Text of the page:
Thursday, December 28, 2006

Pediatric MS

Rare and often misdiagnosed, pediatric multiple sclerosis may be on the rise

Stuart Kellogg December 28, 2006

It just doesn’t seem fair, if words like “fair” may ever be used when speaking of illnesses. Multiple sclerosis — a disease in which the body’s immune system attacks its own myelin, a fatty tissue meant to protect the central nervous system — affects twice as many females as males. Symptoms typically manifest in adults between the ages of 20 and 45.

But Bryan Yglesias was 10 when, in August 2005, he was diagnosed with MS. And he was just 5 when he first complained of having “tingly hands.”

“Nothing fits,” his mother said. “The chances of a kid younger than 16 being diagnosed are between 2 percent and 5 percent, and MS is rare in Hispanics.”

Bryan lives in Hesperia with his father, Nick; his mother, Kathy; and his brother, Justin, 15.

Nick works for Hesperia High School’s athletic department; Kathy works in food service for the Hesperia Unified School District. Justin is a sophomore at Hesperia High School.

In February 2005 Bryan was diagnosed (misdiagnosed, Kathy thinks) with Bell’s palsy, a temporary facial paralysis caused by damage to one of the two facial nerves.

Put on steroids, he gained 33 pounds in just six months, going from 107 to 140.

Before becoming sick, Bryan, an avid soccer player, had played all three midfield positions. Now it was hard for him to balance.

“He walked as if he were drunk,” Kathy said. “At first I thought it was because he’d suddenly gotten so much bigger.

“But he also felt weak and couldn’t sign his name.”

Bryan recalled “feeling heavy and tingly on my right side.”

After two spinal taps ruled out Lyme disease, West Nile virus and meningitis, three MRIs of his brain revealed lesions where myelin had been destroyed.

Bryan Yglesias practices along with the rest of his soccer team during a recent practice in Apple Valley. Photos by AARON J. WALKER, Staff Photographer.
Bryan would be hospitalized three times at Loma Linda University Children’s Hospital: in August 2005 and again in January and February of this year.

In March, Bryan’s parents began taking him to the University of California, San Francisco’s Regional brand-new Pediatric Multiple Sclerosis Center.

There he is seen by a doctor, a nurse, two neurologists, a pediatric psychologist and a school psychologist.

The school psychologist, Mary Crittenden, assessed Bryan’s mood, memory and cognitive functions to establish a baseline for charting the progress of his disease.

“Our insurance doesn’t cover his treatment, so UCSF sees us for free,” a grateful Nick said.

Once a week, Bryan is given an injection of Avonex, a medicine designed to keep the body from attacking itself.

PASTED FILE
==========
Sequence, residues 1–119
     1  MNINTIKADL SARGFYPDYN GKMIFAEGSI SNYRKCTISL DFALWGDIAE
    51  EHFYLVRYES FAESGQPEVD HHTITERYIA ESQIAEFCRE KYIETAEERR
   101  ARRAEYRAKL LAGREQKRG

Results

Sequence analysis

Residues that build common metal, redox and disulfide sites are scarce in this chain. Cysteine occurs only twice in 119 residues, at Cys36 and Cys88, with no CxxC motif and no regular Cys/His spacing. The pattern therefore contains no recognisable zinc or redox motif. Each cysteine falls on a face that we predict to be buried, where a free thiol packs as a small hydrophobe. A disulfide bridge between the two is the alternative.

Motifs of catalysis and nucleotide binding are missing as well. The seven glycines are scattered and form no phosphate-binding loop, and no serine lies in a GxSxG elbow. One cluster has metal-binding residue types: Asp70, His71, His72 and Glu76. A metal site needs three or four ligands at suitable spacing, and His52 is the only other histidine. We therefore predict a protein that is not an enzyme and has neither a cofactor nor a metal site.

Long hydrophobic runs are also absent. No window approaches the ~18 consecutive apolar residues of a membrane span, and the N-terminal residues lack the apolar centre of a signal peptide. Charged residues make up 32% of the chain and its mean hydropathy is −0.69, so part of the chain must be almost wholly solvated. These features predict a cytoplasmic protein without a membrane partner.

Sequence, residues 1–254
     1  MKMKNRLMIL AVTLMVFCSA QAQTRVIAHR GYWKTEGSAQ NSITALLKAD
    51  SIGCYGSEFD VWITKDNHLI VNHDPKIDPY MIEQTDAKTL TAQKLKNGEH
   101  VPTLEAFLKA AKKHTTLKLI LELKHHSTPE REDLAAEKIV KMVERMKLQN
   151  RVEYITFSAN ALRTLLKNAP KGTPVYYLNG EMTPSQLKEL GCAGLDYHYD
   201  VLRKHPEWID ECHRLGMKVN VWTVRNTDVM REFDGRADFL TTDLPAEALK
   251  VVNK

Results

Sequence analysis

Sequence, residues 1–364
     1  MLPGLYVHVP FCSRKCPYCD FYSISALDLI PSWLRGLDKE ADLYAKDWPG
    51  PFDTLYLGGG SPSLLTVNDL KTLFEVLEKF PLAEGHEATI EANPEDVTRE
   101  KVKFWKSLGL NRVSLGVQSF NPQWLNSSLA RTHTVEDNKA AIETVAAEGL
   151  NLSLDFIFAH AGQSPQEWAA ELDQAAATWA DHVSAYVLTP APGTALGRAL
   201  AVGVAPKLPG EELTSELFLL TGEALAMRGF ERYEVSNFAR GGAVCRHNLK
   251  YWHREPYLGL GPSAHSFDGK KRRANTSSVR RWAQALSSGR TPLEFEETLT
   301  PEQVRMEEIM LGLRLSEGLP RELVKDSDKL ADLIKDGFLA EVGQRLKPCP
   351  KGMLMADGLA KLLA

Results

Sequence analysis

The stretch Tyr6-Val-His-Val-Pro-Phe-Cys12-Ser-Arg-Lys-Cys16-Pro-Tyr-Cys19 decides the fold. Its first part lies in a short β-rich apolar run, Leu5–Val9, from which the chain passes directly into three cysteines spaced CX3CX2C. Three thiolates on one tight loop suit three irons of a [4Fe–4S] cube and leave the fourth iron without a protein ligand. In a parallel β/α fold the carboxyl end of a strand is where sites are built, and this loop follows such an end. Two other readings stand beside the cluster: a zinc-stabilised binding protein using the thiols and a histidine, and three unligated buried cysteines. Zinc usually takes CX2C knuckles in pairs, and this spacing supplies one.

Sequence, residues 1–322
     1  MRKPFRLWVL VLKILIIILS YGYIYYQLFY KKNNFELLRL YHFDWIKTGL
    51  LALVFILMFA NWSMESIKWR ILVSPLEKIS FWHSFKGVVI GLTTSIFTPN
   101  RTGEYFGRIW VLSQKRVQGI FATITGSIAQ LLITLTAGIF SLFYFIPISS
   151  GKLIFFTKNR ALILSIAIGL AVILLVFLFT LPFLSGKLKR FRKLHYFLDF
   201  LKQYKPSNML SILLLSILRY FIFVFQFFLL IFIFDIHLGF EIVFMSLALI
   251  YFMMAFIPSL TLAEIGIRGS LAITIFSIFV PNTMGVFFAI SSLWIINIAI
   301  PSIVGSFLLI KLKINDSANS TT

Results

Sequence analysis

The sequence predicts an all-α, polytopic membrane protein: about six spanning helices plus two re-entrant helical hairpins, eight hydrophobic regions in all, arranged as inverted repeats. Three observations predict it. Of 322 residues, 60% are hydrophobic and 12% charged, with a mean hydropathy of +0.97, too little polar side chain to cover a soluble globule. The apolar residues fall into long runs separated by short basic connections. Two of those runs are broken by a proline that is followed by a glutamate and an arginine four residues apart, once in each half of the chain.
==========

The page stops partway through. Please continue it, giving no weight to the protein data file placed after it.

For fear of side effects, he started the Avonex on May 25, the last day of school.

“I get the shot at 5 p.m. and by 7 p.m. the side effects — tired, achy, chills — kick in,” Bryan said. “But they’re gone by the next morning.”

If it wasn’t covered by the family’s HMO, Bryan’s medication would cost them $1,600 a month for four injections.

Of the four forms of MS — relapsing-remitting, primary-progressive, secondary-progressive and progressive-relapsing — Bryan has relapsingremitting. The most common form, it is characterized by flare-ups of new symptoms or exacerbation of existing symptoms, followed by periods of partial or complete recovery.

“When he has a relapse,” Nick said, “Bryan goes to physical therapy: lifting weights, doing pushups, working with a balance ball, two or three times a week for two months.”

“We let him recover but don’t let him get lazy,” said Kathy.

Nick agreed: “We can’t let the disease win.”

UCSF’s is the only pediatric MS center west of the Rocky Mountains supported by a grant from the National Multiple Sclerosis Society (NMSS). The other five campuses are in Rochester, Minn.; Buffalo, N.Y.; Stony Brook, N.Y.; Boston, Mass.; and Birmingham, Ala.

But the Yglesiases have heard that a satellite may be started at the University of California, Los Angeles — much closer to home.

“Now that we’re seeing all these kids being diagnosed,” said Cindy Langwell, field programs manager for the Inland Empire Field Office of the NMSS’ Southern California Chapter, “it’s very important that the program come down here.”

Once a month, the NMSS hosts a chat line for teenagers with multiple sclerosis.

“But I want to meet other kids with MS,” said Bryan, who admits to feeling “different.”

He’s also noticed how often his father asks if he’s doing all right.

“That is love, Bryan,” Kathy reminded him. “Love and stress.”

At Maple School, where Bryan is in the sixth grade, only his closest friends know that he is sick.

“He doesn’t want the label ‘I have a disease,’ ” his mother said. “But I think other kids should know — just in case something happens.”

Word may get out soon enough.

Last year the Yglesiases took part in NMSS’ fundraising walk. And on April 14 Bryan plans to walk again, this time with his soccer team, the Apple Valley Storm. His favorite subject is math, but Bryan hasn’t yet chosen a career. “When he was little,” Kathy said, “he wanted to be a scientist and ‘cure something.’ Now he says no. “But I say, ‘Cure MS!’”